Architectural, Cultural sights in Georgia
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The Stalin Museum is an interesting and hagiographic establishment. Stalin lived here for just a few months in 1901–02 when he helped organise the bitumen workers and set up an illegal printing press. Rather too amazingly (given that he didn’t become famous until almost two decades later), his personal belongings have survived, including a moth-eaten towel and the bed he slept on.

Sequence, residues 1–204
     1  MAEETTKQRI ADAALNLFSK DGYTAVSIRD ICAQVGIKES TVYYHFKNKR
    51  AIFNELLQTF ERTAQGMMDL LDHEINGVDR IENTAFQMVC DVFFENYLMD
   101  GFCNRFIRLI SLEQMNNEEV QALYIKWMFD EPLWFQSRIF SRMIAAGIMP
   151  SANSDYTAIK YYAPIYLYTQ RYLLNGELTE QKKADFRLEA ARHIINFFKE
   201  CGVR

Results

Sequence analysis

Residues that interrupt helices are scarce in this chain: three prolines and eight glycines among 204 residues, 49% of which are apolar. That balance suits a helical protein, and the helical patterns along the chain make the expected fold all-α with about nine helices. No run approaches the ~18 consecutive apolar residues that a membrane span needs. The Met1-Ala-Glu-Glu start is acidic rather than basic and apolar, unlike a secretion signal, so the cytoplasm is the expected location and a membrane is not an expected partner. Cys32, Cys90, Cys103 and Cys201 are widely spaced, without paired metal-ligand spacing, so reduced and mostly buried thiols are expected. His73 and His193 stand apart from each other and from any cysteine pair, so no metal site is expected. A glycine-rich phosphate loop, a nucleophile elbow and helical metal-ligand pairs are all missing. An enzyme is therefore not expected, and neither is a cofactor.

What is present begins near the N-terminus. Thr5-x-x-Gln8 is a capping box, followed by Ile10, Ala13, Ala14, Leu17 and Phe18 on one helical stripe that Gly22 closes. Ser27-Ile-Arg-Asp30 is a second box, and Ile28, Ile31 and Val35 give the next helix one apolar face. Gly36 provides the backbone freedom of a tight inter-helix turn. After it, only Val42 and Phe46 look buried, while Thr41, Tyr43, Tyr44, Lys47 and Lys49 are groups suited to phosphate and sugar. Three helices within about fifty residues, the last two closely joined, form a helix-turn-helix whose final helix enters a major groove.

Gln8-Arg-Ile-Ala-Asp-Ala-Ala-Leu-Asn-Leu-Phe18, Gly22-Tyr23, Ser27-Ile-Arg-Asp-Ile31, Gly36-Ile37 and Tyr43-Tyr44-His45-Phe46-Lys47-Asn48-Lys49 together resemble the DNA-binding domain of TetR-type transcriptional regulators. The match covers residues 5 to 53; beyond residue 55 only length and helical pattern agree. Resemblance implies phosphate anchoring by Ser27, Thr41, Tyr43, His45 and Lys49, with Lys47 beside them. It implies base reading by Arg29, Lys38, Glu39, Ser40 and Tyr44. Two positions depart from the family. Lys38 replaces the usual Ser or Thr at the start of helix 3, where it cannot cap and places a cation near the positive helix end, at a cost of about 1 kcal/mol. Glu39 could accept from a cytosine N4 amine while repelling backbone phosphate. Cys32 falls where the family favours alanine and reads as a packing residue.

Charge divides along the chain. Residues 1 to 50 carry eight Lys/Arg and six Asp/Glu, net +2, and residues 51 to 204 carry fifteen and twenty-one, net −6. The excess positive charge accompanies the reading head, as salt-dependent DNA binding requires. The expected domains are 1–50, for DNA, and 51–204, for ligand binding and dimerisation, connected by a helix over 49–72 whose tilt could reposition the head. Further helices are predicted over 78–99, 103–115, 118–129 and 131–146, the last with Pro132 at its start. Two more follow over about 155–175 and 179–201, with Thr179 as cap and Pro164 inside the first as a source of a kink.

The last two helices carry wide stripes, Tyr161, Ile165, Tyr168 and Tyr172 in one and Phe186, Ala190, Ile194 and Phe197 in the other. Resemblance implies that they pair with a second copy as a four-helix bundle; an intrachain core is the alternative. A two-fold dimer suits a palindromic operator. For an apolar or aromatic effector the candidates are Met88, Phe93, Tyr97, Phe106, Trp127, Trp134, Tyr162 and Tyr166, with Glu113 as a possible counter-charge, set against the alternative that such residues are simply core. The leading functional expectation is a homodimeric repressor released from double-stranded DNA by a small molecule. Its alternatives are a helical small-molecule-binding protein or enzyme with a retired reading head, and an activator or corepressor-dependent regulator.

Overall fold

North of the Sioni Cathedral, Sionis qucha becomes Erekle II qucha, which leads to Erekle II moedani, site of the walled residence of the Catholicos-Patriarch (head of the Georgian church) and of a leafy little park. The large Church of the Archangels here was destroyed by the Mongols in the 13th century. Later, three smaller churches were built from the ruins, one of which is the Karis Eklesia, at the north end of the park.